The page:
1 A vintage bi-fold cardboard easel back store window display for Pyrex, in good condition with some discoloration and edging, measuring 27-1/2 by 21-1/2 inches, sold
for $150 at auction in April 2014, through Showtime Auction Services.
2 Pyrex is made of a glass designed not to expand with changes in temperature (tempered Borosilicate). The composition of glass was originally created by scientists for use in laboratory glassware, railroad lanterns and battery jars.
3 On Pinterest, there are nearly 500 boards dedicated to Pyrex.
4 A lot consisting of a nesting set of three Pyrex, a brown milk crock, a green mixing bowl and brown and white mixing bowl, measuring between 4-1/4 inches and 6-3/4 inches tall by 9 and 11-1/2 inches in diameter, realized $90 in August 2014, through Joe R. Pyle Auctions.
5The idea for Pyrex cookware came about in an unexpected way when, in 1913, the wife of a Corning Industries scientist asked her husband to bring home some glass to replace a recently cracked casserole dish. He brought home the bottom of a battery jar, which she used to bake a cake, and in turn inspired the development of Pyrex cookware.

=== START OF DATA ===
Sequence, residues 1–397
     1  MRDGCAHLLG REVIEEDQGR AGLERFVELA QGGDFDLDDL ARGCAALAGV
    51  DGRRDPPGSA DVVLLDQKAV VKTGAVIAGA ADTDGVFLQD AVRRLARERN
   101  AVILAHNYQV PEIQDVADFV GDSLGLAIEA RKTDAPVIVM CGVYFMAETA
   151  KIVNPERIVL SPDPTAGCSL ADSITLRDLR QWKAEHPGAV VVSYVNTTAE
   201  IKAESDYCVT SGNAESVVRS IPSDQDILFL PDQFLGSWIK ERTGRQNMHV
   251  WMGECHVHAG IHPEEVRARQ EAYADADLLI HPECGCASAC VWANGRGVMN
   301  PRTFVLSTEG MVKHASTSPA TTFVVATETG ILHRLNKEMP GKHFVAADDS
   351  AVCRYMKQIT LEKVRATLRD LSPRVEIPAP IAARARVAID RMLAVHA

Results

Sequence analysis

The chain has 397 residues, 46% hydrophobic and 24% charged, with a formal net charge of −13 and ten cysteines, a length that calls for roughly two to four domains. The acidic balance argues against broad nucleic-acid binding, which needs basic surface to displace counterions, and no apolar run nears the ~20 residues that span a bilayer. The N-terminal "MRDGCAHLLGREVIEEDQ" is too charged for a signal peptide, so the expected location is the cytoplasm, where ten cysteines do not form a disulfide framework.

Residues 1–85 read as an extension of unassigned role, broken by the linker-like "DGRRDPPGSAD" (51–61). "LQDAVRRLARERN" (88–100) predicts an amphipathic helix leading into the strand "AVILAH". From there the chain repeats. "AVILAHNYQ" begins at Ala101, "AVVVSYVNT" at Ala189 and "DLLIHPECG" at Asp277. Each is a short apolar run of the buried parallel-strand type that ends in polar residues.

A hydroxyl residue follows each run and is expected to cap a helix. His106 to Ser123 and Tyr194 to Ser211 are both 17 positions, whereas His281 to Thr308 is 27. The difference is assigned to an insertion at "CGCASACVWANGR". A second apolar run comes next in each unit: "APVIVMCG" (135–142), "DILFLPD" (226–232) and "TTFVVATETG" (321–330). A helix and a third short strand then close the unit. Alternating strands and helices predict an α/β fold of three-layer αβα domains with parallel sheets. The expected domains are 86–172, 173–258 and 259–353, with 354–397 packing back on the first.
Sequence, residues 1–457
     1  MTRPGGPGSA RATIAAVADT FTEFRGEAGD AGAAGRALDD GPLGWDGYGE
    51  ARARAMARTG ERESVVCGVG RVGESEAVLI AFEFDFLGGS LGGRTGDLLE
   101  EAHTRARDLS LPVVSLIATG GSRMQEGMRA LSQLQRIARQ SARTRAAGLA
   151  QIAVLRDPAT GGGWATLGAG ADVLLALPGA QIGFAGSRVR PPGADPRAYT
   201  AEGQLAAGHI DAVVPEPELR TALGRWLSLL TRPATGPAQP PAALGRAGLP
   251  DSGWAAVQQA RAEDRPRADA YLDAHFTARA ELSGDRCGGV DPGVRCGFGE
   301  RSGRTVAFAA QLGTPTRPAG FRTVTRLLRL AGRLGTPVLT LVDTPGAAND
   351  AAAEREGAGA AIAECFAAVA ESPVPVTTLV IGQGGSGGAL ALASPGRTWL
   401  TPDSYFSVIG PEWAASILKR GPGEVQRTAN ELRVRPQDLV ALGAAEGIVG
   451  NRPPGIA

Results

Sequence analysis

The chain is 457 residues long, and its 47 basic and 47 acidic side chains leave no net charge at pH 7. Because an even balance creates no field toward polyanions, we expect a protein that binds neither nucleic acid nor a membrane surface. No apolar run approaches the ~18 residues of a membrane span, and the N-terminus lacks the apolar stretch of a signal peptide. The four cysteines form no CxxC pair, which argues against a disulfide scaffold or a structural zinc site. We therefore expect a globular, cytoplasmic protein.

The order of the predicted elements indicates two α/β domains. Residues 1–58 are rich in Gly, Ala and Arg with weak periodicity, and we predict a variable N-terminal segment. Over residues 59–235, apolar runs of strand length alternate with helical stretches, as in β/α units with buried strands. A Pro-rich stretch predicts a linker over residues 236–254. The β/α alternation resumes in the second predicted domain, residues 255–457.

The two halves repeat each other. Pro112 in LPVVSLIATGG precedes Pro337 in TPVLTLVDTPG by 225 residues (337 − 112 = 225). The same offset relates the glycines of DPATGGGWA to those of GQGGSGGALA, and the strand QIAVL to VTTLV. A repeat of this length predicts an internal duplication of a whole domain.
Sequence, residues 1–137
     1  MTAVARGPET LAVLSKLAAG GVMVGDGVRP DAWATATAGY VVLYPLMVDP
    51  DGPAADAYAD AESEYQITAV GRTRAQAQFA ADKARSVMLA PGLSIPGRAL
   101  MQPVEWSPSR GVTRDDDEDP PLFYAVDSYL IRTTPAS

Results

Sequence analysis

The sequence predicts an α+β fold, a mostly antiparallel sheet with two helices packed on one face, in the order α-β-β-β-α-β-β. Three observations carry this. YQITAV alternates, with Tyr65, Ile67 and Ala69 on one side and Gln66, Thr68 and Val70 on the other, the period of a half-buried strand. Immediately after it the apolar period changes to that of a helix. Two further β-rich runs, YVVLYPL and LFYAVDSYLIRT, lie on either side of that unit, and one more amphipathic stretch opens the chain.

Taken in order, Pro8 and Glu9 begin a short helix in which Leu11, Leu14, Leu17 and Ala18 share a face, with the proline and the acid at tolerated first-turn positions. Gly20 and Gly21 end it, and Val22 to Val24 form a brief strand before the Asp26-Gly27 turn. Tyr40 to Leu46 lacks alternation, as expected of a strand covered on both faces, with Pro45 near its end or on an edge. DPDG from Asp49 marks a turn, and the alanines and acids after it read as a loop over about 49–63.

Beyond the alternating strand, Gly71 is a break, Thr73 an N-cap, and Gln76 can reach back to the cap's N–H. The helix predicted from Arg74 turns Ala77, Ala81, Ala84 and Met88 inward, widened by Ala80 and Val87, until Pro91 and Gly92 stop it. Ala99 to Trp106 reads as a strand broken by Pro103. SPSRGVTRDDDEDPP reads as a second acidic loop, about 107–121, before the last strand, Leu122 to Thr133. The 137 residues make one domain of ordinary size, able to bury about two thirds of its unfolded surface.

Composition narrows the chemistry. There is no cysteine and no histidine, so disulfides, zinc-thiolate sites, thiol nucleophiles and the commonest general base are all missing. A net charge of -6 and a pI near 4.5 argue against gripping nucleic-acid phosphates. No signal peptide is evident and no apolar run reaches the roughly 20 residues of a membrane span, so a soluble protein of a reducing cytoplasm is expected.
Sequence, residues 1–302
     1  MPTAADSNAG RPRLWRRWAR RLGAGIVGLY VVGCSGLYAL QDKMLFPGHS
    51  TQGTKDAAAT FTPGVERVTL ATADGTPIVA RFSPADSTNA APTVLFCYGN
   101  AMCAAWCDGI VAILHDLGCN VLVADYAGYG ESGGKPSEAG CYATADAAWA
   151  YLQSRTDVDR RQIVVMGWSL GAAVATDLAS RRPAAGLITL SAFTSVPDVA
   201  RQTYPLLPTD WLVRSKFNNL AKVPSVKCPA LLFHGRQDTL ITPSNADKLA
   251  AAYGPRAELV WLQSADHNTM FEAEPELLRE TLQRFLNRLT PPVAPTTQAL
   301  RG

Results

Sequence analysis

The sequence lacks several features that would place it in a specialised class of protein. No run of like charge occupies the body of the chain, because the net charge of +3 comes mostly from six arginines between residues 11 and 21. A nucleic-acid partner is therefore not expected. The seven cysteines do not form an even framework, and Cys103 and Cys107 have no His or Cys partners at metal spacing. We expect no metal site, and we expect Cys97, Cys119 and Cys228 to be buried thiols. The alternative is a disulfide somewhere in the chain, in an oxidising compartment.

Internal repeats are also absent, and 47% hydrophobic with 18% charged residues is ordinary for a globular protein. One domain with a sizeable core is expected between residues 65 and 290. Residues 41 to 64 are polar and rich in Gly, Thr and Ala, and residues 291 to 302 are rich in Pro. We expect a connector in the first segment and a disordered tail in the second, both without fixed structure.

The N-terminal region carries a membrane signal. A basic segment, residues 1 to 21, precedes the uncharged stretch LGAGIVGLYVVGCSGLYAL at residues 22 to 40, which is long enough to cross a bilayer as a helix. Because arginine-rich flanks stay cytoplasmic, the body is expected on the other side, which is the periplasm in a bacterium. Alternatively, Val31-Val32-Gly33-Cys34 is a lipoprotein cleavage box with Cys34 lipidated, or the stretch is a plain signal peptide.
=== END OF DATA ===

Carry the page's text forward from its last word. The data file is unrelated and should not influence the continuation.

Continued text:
6 A popular and detailed site about Pyrex is www.pyrexlove.com. Among the most helpful pages on this site is the pattern reference page. About 150 patterns are pictured, along with a description of the pattern and the items made in this pattern.
7 In 1915, two years after the scientist and his wife inspired the research and development of a glass baking dish, Pyrex bakeware was made available at hardware and department stores across the U.S.
8As Pyrex launched during World War I, a key message the company incorporated in its advertising campaign was baking with glassware helps to save valuable wartime commodities. One of the marketing messages was, “It saves labor and fuel, it makes food more appetizing and the table more inviting, for you to bake and serve in the same dish.”
9Just four years after Pyrex bakeware became available to the public, more than 4.5 million pieces had been sold.